MEERUT: Two days after the government banned use of potassium bromate as a food additive, the Food Safety and Drugs Administration (FSDA) said that items that use bread will be tested for the prohibited additive.
Speaking to TOI, JP Singh, chief food safety officer, said, “I have instructed all 18 food safety officers to start checking in their areas and take samples of breads, pavs, pizza bases and other edible items which use bread. Regular sampling checks were going on in the city but now we can take samples of the bread too after the recent ban. This ban will definitely intensify our raids.”
Meerut has three big bread-making units and many other small units. Authorities say unless samples are taken from each manufacturing unit, it can not be confirmed whether the producers use the banned product.
“We will intensify our raids not just in terms of taking samples from bread making units. We will also test the bread used in food outlets like Pizza Hut and Dominos. Any food outlet selling bread with the banned additive will have to face consequences,” said Singh.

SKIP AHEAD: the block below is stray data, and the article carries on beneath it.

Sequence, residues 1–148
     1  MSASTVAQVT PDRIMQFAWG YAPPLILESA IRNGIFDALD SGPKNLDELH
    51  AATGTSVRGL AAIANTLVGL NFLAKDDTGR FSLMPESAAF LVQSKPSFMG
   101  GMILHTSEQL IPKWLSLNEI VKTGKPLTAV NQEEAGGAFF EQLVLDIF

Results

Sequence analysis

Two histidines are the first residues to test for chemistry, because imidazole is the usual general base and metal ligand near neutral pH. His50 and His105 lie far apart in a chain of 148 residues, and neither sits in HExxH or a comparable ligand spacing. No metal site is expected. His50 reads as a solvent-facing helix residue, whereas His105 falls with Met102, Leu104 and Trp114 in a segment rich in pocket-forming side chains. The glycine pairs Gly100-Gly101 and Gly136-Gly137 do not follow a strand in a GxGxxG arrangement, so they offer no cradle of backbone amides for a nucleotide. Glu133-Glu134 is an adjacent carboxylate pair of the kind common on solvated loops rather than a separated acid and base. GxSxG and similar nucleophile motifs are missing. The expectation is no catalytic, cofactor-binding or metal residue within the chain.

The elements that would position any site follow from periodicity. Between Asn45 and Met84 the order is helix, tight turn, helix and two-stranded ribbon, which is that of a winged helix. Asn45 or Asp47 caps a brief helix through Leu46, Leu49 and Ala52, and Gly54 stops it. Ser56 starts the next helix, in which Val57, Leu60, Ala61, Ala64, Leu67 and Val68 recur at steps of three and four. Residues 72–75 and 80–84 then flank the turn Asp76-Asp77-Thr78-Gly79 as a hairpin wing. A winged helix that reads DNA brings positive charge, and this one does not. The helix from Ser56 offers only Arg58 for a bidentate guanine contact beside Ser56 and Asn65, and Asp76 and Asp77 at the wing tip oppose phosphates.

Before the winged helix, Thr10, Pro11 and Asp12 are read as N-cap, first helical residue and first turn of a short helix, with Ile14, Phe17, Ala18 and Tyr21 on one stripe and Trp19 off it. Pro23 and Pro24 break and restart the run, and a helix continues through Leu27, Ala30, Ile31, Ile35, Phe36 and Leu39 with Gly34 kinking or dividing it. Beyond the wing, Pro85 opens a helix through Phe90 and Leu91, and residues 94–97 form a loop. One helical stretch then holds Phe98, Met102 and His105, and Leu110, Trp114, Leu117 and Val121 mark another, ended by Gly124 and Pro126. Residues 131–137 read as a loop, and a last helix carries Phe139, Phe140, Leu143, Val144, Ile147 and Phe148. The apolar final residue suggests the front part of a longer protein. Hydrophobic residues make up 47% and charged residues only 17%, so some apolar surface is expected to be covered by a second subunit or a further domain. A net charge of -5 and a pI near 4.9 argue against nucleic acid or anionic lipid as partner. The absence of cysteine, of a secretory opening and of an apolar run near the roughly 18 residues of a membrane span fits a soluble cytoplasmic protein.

The government on Monday banned the use of potassium bromate as a food additive following a Centre for Science and Environment (CSE) study that found its presence in bread caused cancer. A CSE study had found that 84 per cent of 38 commonly available brands of pre-packaged breads, including pav and buns, tested positive for potassium bromate and potassium iodate. The two food additives are banned in many countries and are listed as “hazardous” to public health. According to the CSE, potassium bromate typically increases dough strength, leads to higher rising and gives uniform finish to baked products. Potassium iodate is a flour treatment agent.
The Food Safety Standards Authority of India (FSSAI) has also referred potassium iodate — also claimed to be carcinogenic — to a scientific panel.